Holland introduced two schools of thought that help explain the current state of religious social change. The first was the idea that religion is being steadily replaced with modern rationals and science. Holland said studies show that more and more people, especially those under 30, are self-identifying as religiously unaffiliated. The second suggests that, to a large portion of society, faith is only one possibility among others, and that belief in God is “no longer axiomatic.”
“It seems most reasonable to me to conclude that at least for now, both things are happening and the actual and potential shifts for public life are tectonic,” Holland said.
Much like religion, people tend to pay less attention to the U.S. founding than they once did, according to Holland. He shared the example of his experience lecturing a class at the University of Southern California about some of the leadership insights of the founding fathers. One student at the lecture thanked Holland afterward because the student had never in his college experience heard a faculty member speak favorably of the Founding Fathers.
While cultural recollection of a founding always shifts, Holland said this does not change the great importance of these events and their profound influence on society, including its religious practices.
“The founding at large may provide the last common shreds of a heritage that can still be woven together to provide a fabric strong enough to protect robust religiosity,” Holland said. “I think the clear answer to the question of whether the founding remains useful is still a resounding ‘yes.'”
Holland said religion has historically had a significant impact on the founding of governments. He used Alexis de Toqueville’s example of the early Puritan society in America, which established principles such as a government run by the people and clear separation of church and state years before the official establishment of a democracy in the U.S. He said although this example of Puritanism should not romanticized, this societal influence provides a fuller understanding of the American Founding at large.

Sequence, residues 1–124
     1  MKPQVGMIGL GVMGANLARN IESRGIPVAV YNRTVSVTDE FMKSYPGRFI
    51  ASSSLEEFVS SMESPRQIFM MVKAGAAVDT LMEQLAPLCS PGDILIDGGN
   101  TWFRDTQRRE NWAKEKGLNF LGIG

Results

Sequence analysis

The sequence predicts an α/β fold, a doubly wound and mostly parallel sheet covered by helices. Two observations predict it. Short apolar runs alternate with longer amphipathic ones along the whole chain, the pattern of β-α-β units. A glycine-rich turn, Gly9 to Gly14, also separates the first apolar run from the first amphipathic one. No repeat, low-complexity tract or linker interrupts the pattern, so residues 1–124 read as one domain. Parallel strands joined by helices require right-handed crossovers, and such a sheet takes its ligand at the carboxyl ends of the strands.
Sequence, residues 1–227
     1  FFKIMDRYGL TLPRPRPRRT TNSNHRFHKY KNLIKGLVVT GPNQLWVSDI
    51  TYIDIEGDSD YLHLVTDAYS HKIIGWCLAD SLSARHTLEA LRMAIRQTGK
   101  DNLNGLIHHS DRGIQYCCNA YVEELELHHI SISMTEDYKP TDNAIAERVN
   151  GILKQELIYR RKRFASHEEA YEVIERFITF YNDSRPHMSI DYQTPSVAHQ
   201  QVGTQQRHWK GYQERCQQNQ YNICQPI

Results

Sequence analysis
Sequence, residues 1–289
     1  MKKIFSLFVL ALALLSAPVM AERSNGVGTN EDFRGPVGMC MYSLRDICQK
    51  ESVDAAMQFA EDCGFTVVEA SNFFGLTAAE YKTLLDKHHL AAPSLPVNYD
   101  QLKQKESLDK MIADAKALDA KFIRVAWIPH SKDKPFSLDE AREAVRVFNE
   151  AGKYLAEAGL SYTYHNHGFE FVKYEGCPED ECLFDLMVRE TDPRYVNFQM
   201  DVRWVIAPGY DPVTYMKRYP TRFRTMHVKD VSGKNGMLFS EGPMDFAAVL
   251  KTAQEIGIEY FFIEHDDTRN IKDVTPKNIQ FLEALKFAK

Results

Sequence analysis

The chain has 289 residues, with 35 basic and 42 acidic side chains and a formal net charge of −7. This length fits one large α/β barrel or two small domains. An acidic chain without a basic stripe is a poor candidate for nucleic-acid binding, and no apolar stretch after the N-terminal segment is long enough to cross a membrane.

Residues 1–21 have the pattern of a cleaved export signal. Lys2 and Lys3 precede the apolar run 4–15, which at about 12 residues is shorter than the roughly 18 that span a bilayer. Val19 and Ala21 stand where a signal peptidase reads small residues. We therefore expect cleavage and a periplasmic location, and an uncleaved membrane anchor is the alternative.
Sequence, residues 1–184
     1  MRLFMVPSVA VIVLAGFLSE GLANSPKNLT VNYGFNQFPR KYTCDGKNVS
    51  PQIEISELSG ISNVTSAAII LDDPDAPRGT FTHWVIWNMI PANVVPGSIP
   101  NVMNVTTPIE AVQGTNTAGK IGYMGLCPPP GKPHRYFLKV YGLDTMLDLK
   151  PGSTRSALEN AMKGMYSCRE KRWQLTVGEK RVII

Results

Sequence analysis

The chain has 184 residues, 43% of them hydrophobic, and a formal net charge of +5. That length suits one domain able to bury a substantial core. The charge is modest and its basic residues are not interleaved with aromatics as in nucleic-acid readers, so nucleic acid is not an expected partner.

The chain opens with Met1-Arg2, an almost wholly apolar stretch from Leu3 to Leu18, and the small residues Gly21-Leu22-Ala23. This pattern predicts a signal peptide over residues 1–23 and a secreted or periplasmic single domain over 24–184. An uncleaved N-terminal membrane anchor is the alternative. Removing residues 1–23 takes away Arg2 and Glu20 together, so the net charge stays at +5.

“The Puritan influence is just one example of many that could be marshaled to show how religiously-inspired visions of what was morally right established a rich and fertile context for individual liberty to flourish in America,” Holland said.
Holland explained that religion has a profound influence on the morality of a nation and is an important factor in determining whether citizens will voluntarily obey the law.
“The life of a free people requires and flourishes with an extraordinary amount of individual goodness, decency and initiative,” Holland said.
Holland pointed out that following the creation of the Constitution, most state representatives would not ratify the document until they were guaranteed the addition of the Bill of Rights, which would guarantee them religious freedom, among other things. Religious liberty was then the first freedom guaranteed in the first amendment, emphasizing this right’s “tremendous heft.”
“Those words will remain there as long as the Constitution does and they will have to be dealt with, even by those who do not share its suppositions,” Holland said.